11. French S (2006) Structure as a weapon of the realist. P Aristotelian Soc 106:1–19MathSciNetGoogle Scholar
  12. Fulford G, Forrester P, Jones A (1997) Modelling with differential and difference equations. Cambridge University Press, New YorkCrossRefMATHGoogle Scholar
  13. Giere R (2004) How models are used to represent reality. Philos Sci (Proc) 71:742–752CrossRefGoogle Scholar
  14. Hellman G (2001) Three varieties of mathematical structuralism. Philos Math 9:184–211CrossRefMATHMathSciNetGoogle Scholar
  15. Ladyman J (1998) What is structural realism? Stud Hist Philos Sci 29:409–424CrossRefGoogle Scholar
  16. Lambek J, Rattray BA (1979) A general Stone-Gelfand duality. T Am Math Soc 248:1–35MATHMathSciNetGoogle Scholar
  17. Lasota A, Mackey MC (1994) Chaos, fractals and noise. Stochastic aspects of dynamics, 2nd edn. Springer, New YorkCrossRefMATHGoogle Scholar
  18. Lawvere FW (2005) Taking categories seriously. Theory Appl Categor 8:1–24Google Scholar
  19. Lotka AJ (1956) Elements of mathematical biology. Dover, New YorkMATHGoogle Scholar
  20. Mac Lane S (1996) Structure in mathematics. Philosophia Mathematica 20:1–175MathSciNetGoogle Scholar
  21. May RM (2004) Uses and abuses of mathematics in biology. Science 303:790–793ADSCrossRefGoogle Scholar
  22. Oberst U (1990) Multidimensional constant linear systems. Acta Appl Math 68:59–122MathSciNetGoogle Scholar
  23. Pincock C (2011) Mathematics and scientific representation. Oxford University Press, New YorkGoogle Scholar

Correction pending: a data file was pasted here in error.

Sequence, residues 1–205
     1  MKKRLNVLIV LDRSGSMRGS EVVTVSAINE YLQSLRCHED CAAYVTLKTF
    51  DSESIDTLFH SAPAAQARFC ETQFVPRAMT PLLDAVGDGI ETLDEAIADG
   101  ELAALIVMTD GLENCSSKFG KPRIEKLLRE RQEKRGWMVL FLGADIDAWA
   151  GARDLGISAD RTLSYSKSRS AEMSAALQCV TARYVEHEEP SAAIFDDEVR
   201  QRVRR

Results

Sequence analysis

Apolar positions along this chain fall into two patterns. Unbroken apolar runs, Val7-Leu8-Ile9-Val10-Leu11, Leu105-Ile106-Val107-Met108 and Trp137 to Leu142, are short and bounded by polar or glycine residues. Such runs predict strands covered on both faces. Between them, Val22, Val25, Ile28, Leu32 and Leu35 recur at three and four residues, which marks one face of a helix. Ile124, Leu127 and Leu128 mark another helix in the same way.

24. Polderman JW, Willems JC (1998) Introduction to mathematical systems theory: a behavioral approach, vol 26, Texts in applied mathematics. Springer, New YorkGoogle Scholar
  25. Röhrl H (1977) Algebras and differential equations. Nagoya Math J 68:59–122MATHMathSciNetGoogle Scholar
  26. Sargent RG (2003) Verification and validation of simulation models. In: Chick S, Sanchez PJ, Ferrin E, Morrice DJ (eds) Proceedings of the 2003 winter simulation conference. IEEE, Piscataway, pp 37–48Google Scholar
  27. Steiner M (1998) The applicability of mathematics as a philosophical problem. Harvard University Press, New YorkMATHGoogle Scholar
  28. Suarez M (2003) Scientific representation: against similarity and isomorphism. Int Stud Philos Sci 17:225–244CrossRefGoogle Scholar
  29. Suppes P (1988) Scientific structures and their representation. preliminary version. Stanford University, StanfordGoogle Scholar
  30. Teller P (2001) Twilight of the perfect model. Erkenntnis 55:393–415CrossRefMathSciNetGoogle Scholar
  31. Van Fraassen BC (1994) Interpretation in science; science as interpretation. In: Hilgevoord J (ed) J. Physics and our view of the world, Cambridge/New York, pp 169–187Google Scholar
  32. Walcher S (1991) Algebras and differential equations. Hadronic Press, Palm HarborGoogle Scholar
  33. Willems JC (1991) Paradigms and puzzles in the theory of dynamical systems. IEEE T Automat Contr 36:259–294CrossRefMATHMathSciNetGoogle Scholar

Copyright information

© Springer Science+Business Media New York 2014

Authors and Affiliations

  1. 1.University of PennsylvaniaPhiladelphiaUSA